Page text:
Friday, August 15, 2008

John Smyth's baptism

The following information about John Smyth's baptism was discussed by Mark Osgatharp on the Baptist Board back in July of 2003. I found it interesting. Read part of the post below.

"I have the book written by Henry Dexter, a Congregationalist of the 1800s, which is supposed to prove that the manner of baptizing practiced by Smyth, as well as all Anabaptists up until 1641 was pouring. The title of the book is The True Story of John Smyth, the Se-Baptist.

"The title page of the book has a drawing which portrays John Smyth in nothing but a pair of drawers standing knee deep in water and bent over forwards with his hands on his head and water dripping from his head. On page 31 of the book the same drawing appears and Mr. Dexter claims it to be a 'tracing' from 'an ancient engraving.'

"Mr. Dexter asserts that the drawing represents Smyth pouring water on his head in his self baptism. Actually, it portrays a man dipping himself in water.

"This "ancient engraving' originally appeared on the title page of Daniel Featley's book The Dippers Dipt which was published in 1645. The page has an elaborate picture of a demon hovering over sketches of 'the severall sorts of ANABAPTISTS with there manner of Rebaptizing'."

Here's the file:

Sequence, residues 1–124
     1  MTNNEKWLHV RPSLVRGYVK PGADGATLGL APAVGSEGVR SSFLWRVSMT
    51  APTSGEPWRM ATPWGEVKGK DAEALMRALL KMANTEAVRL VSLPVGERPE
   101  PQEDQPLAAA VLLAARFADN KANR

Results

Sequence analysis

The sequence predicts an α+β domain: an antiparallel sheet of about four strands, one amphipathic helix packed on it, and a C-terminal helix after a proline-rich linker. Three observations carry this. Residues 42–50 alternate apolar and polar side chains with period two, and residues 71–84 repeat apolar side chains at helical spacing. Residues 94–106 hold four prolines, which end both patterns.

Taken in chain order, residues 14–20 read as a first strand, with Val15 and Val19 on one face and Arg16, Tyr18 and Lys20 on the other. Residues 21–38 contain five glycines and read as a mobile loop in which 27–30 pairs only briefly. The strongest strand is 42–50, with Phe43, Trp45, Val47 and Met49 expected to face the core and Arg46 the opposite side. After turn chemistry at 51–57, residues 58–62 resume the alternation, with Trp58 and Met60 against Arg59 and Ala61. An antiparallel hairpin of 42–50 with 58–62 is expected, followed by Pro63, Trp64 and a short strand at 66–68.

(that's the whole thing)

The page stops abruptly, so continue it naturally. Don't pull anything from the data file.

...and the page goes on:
1 comment:

Anonymous said...

John Smyth is hardly a good example to the Baptist Churches. He was a rebellious and ordained vicar of the Church of England. It was in Holland he formed a "sort of" Baptist group. Pouring was as close as he could come to rejecting infant baptism. His doctrines changed with every whim and fancy. He was closer to Congregational than Baptist and later considered joining the Mennonites.

Even the CofE baptized infants by immersion and adults, by request. Most of the older churches have a baptismal tank located under the pulpits or somewhere near the pulpits even to this day.

There were Baptist Churches in Wales long before Smyth and the first real Baptist Church in England was established in the Midlands by Welsh missionaries.

Someone claiming Smyth needs to read more church history.